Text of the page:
The list of health problems caused by smoking is endless: cancer, lung diseases, heart attacks, strokes, blindness, fertility problems, you name it, it's there. The good news, though, is that no matter how old you are or how long you've smoked, quitting can help you live longer and be healthier.
Have a look at these health benefits over time:
20 minutes after quitting, your heart rate and blood pressure drop.
12 hours after quitting, the carbon monoxide level in your blood drops to normal.
2 weeks to 3 months after quitting, your circulation improves and your lung function increases.
1 to 9 months after quitting, coughing and shortness of breath decrease; cilia (tiny hair-like structures that move mucus out of the lungs) start to regain normal function, and are better ableto handle mucus, clean the lungs, and reduce the risk of infection.
1 year after quitting, the excess risk of coronary heart disease is half that of a continuing smoker’s.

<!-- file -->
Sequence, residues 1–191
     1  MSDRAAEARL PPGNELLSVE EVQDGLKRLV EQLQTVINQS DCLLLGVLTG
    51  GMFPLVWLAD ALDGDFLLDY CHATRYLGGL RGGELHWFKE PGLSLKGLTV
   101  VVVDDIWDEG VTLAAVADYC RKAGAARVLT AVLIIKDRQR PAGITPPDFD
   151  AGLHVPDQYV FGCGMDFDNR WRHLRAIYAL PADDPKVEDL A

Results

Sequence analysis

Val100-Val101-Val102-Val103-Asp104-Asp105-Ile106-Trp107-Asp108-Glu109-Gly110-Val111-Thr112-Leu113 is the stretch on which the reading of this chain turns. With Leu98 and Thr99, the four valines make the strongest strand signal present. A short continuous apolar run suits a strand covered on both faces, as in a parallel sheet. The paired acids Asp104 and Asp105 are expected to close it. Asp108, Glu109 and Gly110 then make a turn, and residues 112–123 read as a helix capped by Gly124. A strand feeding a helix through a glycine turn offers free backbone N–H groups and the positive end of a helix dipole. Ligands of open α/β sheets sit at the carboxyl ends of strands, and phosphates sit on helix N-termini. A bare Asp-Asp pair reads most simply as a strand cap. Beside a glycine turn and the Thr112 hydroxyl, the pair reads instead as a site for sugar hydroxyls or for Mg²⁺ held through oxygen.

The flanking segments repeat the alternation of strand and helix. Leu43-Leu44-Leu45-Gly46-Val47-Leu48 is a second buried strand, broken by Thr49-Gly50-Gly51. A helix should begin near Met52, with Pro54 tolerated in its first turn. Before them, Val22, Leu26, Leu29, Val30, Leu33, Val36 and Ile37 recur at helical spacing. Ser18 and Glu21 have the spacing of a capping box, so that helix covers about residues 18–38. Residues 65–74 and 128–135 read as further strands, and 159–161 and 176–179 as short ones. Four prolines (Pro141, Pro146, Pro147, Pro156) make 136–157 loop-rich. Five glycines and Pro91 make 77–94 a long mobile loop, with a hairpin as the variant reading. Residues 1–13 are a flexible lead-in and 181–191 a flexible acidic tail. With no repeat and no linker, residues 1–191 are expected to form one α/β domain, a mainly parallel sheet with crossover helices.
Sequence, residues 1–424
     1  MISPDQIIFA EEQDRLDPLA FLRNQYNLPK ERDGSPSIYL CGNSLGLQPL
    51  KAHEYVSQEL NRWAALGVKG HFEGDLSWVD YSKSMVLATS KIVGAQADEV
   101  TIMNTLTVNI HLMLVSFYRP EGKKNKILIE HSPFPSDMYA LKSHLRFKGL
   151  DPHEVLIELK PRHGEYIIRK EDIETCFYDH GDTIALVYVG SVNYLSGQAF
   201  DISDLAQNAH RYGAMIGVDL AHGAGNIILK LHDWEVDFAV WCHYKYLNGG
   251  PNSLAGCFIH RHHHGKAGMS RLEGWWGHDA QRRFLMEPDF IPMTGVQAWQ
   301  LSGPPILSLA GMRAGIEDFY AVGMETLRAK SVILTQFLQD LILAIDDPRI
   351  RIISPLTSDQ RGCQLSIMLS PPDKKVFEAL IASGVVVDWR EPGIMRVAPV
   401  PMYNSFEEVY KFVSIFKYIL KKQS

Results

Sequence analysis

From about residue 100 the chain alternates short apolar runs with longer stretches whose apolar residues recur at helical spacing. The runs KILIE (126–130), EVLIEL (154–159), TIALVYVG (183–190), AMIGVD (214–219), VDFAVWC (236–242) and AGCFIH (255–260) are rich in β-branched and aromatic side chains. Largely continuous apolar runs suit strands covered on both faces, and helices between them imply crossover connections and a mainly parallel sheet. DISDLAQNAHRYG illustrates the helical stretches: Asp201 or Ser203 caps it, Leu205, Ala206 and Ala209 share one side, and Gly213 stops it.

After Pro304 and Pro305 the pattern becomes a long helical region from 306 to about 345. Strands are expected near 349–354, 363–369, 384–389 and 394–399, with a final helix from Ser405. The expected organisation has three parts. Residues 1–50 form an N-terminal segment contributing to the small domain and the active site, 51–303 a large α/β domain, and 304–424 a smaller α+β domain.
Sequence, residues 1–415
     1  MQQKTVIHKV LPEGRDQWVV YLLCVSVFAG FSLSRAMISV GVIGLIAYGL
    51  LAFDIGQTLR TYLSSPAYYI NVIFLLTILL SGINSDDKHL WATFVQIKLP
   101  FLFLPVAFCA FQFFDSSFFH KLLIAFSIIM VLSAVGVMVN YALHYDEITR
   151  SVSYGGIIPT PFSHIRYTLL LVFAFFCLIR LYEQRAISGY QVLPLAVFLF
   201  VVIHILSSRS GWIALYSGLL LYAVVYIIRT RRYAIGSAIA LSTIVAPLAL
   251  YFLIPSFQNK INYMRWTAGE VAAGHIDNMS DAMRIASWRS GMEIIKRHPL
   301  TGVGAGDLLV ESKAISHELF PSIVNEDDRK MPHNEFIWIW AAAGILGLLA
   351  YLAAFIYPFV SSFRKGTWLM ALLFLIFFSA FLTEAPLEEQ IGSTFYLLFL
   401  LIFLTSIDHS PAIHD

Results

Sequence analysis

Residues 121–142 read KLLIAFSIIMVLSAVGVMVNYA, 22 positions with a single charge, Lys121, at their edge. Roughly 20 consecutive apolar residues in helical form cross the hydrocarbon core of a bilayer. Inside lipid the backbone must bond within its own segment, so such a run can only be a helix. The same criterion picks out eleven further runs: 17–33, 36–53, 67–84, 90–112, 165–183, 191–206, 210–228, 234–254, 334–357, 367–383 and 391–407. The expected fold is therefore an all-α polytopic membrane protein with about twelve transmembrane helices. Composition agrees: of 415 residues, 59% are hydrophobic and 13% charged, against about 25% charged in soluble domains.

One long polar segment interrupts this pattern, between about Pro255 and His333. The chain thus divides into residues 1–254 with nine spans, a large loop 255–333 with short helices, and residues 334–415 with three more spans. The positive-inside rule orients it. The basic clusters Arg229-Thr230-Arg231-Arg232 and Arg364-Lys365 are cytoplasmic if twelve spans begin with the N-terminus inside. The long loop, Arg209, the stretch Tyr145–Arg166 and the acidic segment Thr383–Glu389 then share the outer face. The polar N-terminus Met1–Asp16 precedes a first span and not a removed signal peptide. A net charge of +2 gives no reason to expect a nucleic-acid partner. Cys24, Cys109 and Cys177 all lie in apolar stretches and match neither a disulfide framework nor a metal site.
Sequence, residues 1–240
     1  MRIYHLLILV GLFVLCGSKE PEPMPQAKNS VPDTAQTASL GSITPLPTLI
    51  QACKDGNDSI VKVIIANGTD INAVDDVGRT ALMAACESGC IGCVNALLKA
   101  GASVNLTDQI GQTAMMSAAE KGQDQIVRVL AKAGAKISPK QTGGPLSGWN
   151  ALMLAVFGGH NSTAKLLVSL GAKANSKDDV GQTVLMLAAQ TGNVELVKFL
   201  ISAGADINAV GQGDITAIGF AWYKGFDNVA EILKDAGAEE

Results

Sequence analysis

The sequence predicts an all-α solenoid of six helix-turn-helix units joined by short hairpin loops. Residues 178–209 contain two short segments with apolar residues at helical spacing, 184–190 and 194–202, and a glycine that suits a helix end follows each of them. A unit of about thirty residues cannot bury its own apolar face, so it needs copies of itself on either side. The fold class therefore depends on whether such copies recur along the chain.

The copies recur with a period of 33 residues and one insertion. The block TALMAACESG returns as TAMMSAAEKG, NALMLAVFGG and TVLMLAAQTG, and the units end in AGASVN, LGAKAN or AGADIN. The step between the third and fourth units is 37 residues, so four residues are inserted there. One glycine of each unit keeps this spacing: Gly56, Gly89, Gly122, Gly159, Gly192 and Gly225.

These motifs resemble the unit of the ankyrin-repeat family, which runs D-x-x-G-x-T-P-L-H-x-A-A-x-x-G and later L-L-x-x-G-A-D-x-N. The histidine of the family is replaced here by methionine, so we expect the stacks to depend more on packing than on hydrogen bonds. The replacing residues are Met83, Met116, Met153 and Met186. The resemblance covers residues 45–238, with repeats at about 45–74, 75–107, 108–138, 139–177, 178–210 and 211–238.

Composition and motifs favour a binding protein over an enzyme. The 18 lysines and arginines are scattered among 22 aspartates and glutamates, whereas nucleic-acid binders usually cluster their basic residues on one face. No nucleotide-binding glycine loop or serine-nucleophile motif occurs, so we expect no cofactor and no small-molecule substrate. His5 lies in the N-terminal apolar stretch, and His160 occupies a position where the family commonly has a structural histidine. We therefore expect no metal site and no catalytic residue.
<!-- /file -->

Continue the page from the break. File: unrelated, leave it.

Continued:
5 years after quitting, the risk of cancer of the mouth, throat, oesophagus and bladder is halved. Cervical cancer risk falls to that of a non-smoker. Stroke risk can fall to that of a non-smoker after 2-5 years.
10 years after quitting, the risk of dying from lung cancer is about half that of a person who is still smoking. The risk of cancer of the larynx (voice box) and pancreas decreases.
15 years after quitting, the risk of coronary heart disease is that of a non-smoker’s.
Take charge of your health and add years to your life by quitting smoking today.
- Birgit Ottermann, Health24, updated March 2012
(Sources: American Cancer Society, Cansa and Health24)
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